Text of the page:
September 2016
Volume 57, Issue 12
Open Access
ARVO Annual Meeting Abstract  |   September 2016
AutoAmsler: Envisioning Secondary Prevention Through Digital Health
Author Affiliations & Notes
  • Kaylan Baban
    Preventive Medicine, Icahn School of Medicine at Mount Sinai, New York, New York, United States
    Medicine, George Washington University, Washington, District of Columbia, United States
  • Kapil Mishra
    Medical Education, Icahn School of Medicine at Mount Sinai, New York, New York, United States
  • Alexandre Ly van manh
    Graduate Program in Public Health, Icahn School of Medicine at Mount Sinai, Mount Sinai, New York, United States
  • Kristen Esperanza
    New York University , New York, New York, United States
  • Scott E Brodie
    Ophthalmology, Icahn School of Medicine at Mount Sinai, New York, New York, United States
  • Footnotes
    Commercial Relationships   Kaylan Baban, American Macular Degeneration Foundation (S); Kapil Mishra, None; Alexandre Ly van manh, None; Kristen Esperanza, None; Scott Brodie, None
  • Footnotes
    Support  None
Investigative Ophthalmology & Visual Science September 2016, Vol.57, 4972. doi:
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      Kaylan Baban, Kapil Mishra, Alexandre Ly van manh, Kristen Esperanza, Scott E Brodie; AutoAmsler: Envisioning Secondary Prevention Through Digital Health. Invest. Ophthalmol. Vis. Sci. 2016;57(12):4972.

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      © ARVO (1962-2015); The Authors (2016-present)

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Purpose : Amsler grid is often digitally reproduced on mobile devices and web sites, interfaces that allow a greater range of supportive functionalities (reminders, history tracking, resources), but for which diagnostic validity has not been demonstrated.

Methods : Cross-over study of 145 eyes in 100 patients with pre-existing diagnoses of macular disease. Paper and digital Amsler grids were viewed with each affected eye individually, to compare sensitivity of these media in eliciting visually-significant macular pathology. Each eye served as its own control. Eyes without macular disease or with BCVA worse than 20/150 were excluded. Macular pathologies included age-related macular degeneration with and without neovascularization (n=73), diabetic macular edema (n=27), and epiretinal membrane (n=32). The primary outcome was number of visual field defects (VFDs), defined as any scotoma or metamorphopsia reported by the participant while viewing the grid. Wilcoxon signed rank test and sign test were used for statistical analyses. Subjects were also asked to compare the subjective experience of viewing the grid on paper and digitally.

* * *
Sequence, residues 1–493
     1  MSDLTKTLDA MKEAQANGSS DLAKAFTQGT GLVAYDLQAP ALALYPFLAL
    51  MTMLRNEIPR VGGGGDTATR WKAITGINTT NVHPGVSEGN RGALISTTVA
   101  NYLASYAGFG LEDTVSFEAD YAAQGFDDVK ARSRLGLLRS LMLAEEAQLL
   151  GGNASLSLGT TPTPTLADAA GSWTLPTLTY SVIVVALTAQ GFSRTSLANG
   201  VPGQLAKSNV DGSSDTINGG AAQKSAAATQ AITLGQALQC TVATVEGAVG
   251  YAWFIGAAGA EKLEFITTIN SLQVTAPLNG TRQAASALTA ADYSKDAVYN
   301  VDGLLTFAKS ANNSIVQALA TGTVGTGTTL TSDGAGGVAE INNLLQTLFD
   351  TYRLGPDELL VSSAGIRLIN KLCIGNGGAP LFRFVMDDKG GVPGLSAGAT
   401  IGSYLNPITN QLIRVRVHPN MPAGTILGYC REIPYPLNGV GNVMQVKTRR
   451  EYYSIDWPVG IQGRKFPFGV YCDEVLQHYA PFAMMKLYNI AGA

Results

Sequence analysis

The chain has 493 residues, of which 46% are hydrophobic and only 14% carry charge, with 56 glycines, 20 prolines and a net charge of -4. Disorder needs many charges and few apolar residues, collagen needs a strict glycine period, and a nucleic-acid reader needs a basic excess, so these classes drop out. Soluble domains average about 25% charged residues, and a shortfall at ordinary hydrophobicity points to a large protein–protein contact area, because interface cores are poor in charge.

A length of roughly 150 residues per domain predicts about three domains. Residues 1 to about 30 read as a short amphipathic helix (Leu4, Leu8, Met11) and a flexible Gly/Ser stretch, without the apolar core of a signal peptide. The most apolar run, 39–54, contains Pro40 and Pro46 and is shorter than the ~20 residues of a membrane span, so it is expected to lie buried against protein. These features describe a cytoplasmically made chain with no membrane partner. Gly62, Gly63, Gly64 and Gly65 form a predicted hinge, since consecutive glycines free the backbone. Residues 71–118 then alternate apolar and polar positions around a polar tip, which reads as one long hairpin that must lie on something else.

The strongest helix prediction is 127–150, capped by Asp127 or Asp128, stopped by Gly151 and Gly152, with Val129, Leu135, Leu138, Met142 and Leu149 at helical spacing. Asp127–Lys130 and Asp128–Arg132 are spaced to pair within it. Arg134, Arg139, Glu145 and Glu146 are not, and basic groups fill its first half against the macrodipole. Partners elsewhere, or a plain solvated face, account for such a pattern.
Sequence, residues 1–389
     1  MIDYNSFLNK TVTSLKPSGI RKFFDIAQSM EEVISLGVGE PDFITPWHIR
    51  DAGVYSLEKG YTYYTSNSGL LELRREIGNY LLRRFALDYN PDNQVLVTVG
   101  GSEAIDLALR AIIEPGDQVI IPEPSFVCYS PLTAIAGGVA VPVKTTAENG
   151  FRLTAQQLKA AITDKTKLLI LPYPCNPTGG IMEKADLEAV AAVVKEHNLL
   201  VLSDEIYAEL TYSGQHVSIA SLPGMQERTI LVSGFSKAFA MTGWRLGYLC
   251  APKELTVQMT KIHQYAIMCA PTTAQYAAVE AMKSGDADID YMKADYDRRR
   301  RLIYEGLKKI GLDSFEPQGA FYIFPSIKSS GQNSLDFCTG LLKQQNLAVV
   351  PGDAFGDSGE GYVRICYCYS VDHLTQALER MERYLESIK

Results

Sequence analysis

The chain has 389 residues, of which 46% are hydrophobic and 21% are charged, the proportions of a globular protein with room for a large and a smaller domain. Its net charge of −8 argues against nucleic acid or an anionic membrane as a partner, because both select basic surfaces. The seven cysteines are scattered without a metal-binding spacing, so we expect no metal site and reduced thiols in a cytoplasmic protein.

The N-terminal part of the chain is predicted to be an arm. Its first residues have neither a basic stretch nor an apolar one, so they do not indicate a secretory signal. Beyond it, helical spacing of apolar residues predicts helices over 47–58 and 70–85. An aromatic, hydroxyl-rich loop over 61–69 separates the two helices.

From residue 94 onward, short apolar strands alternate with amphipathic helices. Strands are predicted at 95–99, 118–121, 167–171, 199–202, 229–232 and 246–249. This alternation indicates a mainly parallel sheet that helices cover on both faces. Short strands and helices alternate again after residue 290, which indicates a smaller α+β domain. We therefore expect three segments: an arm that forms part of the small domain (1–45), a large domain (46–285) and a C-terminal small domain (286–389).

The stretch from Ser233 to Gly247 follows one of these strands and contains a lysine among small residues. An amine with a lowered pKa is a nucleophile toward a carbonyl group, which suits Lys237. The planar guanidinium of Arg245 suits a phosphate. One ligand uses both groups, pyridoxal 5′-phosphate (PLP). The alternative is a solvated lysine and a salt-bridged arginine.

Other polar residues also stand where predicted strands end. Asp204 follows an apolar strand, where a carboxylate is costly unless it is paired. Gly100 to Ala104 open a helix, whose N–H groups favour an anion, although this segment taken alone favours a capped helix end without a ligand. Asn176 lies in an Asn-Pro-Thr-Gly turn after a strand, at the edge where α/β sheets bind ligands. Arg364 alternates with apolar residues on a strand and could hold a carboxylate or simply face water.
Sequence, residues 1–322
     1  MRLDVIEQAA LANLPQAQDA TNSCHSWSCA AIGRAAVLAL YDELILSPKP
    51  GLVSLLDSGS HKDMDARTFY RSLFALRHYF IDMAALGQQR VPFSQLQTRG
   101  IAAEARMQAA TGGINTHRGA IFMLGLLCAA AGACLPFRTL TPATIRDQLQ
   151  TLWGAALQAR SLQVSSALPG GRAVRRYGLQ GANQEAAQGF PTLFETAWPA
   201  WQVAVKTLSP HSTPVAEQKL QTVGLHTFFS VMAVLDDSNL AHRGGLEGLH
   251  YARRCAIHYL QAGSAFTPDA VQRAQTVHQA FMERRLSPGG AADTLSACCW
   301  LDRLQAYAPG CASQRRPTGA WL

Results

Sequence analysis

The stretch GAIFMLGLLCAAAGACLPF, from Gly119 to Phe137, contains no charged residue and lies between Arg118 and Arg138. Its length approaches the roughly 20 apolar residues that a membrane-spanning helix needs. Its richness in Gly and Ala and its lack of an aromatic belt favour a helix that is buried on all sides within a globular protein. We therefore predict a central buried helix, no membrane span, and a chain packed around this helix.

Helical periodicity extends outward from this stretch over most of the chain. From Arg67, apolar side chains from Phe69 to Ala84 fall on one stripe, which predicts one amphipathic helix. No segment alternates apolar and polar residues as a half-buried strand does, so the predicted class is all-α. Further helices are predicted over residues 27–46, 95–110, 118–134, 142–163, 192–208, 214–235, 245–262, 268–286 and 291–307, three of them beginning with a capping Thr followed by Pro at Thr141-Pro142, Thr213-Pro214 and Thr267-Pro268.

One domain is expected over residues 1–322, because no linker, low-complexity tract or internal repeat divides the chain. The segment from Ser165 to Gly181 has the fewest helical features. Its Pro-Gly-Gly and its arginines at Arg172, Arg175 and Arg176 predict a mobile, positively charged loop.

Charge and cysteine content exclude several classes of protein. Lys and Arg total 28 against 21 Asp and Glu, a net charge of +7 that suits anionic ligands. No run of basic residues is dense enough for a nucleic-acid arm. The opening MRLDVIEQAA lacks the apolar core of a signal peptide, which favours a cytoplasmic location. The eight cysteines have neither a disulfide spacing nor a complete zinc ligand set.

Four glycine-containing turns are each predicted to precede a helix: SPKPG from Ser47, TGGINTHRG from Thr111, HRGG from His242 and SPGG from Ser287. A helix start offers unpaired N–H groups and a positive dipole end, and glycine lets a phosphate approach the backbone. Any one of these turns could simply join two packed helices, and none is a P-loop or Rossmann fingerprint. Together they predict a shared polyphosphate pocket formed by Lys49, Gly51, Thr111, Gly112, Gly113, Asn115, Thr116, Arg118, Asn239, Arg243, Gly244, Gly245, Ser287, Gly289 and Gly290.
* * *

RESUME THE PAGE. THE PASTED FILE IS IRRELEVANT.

Results : Among 100 participants, 65% were female (mean age of 64.4±14.2). Collectively, 145 eyes with macular disease were assessed. There was no significant difference between media in the number of eyes reporting VFDs (p = 0.18, two tailed). A discrepancy between media in the number of VFDs detected per eye, however, was noted in 21 eyes, with an overall mean difference of 0.12 VFDs more per eye viewing the digital grid (SD=0.67). This difference, as evaluated by the Wilcoxon signed rank test, showed greater sensitivity of the digital version and was statistically significant (p=0.013) Qualitatively, participants reported greater clarity of the digital Amsler grid image, ascribed to higher contrast and backlight illumination.

Conclusions : The digital Amsler grid was found to be more sensitive than paper in detecting VFDs in eyes affected by visually-significant macular disease. These findings support the use of Amsler grid via digital interfaces as a validated screening tool. The study is a first step in bringing an evidence-based mobile application for self-screening to patients with macular disease.

This is an abstract that was submitted for the 2016 ARVO Annual Meeting, held in Seattle, Wash., May 1-5, 2016.


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